Rodell Mendez was 11 years old when a group from the University of Sioux Falls arrived in San Mateo to extend Holy Cross’ playground. Professor Kim Bartling and her 19 students came with 600 pounds of athletic equipment and a passion for children. They left after 10 days of tutoring, building land mass, erecting the industrial swing set, playing hours of sports and making lifelong friendships. Also, a cornerstone of new family was placed; two years later, Bartling was not only Mendez’ education sponsor, she also had become his American mother and he was her Belizean son.
Throughout the years, Rodell and Kim have walked his personal and educational path together. However, his journey did not always go smoothly. Because of some poor choices, Rodell found himself having to repeat his sophomore year. When most students would have, simply, left school behind and found island work, Rodell rose to the occasion. He did not want to disappoint his grandmother, Virginia, who had been raising him nor Bartling.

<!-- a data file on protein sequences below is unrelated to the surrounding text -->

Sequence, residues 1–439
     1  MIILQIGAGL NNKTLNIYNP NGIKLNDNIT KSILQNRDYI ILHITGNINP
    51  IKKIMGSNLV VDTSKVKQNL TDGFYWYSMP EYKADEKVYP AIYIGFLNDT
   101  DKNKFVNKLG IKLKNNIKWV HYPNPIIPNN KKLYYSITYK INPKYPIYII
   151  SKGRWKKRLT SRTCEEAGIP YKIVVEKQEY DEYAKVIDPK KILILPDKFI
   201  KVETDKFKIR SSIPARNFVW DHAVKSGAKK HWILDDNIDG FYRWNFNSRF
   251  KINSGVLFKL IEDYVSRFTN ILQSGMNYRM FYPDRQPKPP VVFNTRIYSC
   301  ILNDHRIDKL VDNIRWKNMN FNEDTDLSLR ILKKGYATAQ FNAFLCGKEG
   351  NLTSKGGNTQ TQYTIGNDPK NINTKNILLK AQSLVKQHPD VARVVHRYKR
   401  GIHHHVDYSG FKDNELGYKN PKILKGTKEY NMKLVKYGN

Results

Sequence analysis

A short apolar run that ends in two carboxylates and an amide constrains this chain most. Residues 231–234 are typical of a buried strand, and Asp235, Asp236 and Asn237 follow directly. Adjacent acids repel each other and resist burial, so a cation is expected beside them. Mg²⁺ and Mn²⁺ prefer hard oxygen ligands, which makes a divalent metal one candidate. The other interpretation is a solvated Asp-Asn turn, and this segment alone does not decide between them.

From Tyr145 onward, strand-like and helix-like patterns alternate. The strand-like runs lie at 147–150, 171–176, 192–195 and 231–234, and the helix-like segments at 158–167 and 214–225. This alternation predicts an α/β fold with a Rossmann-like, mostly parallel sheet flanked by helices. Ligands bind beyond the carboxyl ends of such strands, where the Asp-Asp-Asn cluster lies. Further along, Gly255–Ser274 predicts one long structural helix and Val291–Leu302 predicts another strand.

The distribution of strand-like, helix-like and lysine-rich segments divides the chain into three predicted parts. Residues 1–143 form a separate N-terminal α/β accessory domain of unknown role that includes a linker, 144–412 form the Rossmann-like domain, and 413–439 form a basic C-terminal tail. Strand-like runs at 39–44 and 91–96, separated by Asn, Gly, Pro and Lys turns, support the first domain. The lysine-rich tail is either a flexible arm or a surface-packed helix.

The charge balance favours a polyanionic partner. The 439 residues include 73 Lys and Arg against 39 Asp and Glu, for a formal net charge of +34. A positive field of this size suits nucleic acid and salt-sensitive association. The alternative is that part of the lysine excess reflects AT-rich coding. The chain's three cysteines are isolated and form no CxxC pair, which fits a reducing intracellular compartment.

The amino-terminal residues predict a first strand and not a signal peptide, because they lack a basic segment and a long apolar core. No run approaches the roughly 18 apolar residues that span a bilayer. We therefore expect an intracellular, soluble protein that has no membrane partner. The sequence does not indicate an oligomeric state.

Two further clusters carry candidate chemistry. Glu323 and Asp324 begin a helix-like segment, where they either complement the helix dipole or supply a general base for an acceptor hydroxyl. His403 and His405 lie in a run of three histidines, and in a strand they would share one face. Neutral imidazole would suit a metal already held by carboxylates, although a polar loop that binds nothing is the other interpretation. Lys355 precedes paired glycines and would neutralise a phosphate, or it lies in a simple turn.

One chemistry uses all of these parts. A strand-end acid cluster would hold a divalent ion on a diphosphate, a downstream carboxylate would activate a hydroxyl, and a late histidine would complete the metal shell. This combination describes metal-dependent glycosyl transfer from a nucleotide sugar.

Kim responded with tough love. She also made regular visits to Ambergris Caye so that they could share “family time” of making meals, having hard conversations and celebrating Rodell’s progress. They still talk almost daily.
On June 8, 2019, Rodell proudly walked across the stage to accept his high school diploma. Bartling was in the audience. A week later, Mendez returned to Holy Cross to address Standard VI students with a “tough talk” about the reality of social pressures and the importance of working diligently toward scholastic success. “I love Rodell to the moon and back, just as I do my other children. He never gave up, and now he is giving back. I didn’t think I could be more proud of him than the day he graduated. However, when Rodell returned to Holy Cross to share his story in order to guide other students, my heart nearly burst.”
Rodell is now attending Junior College with the goal of receiving a degree in accounting.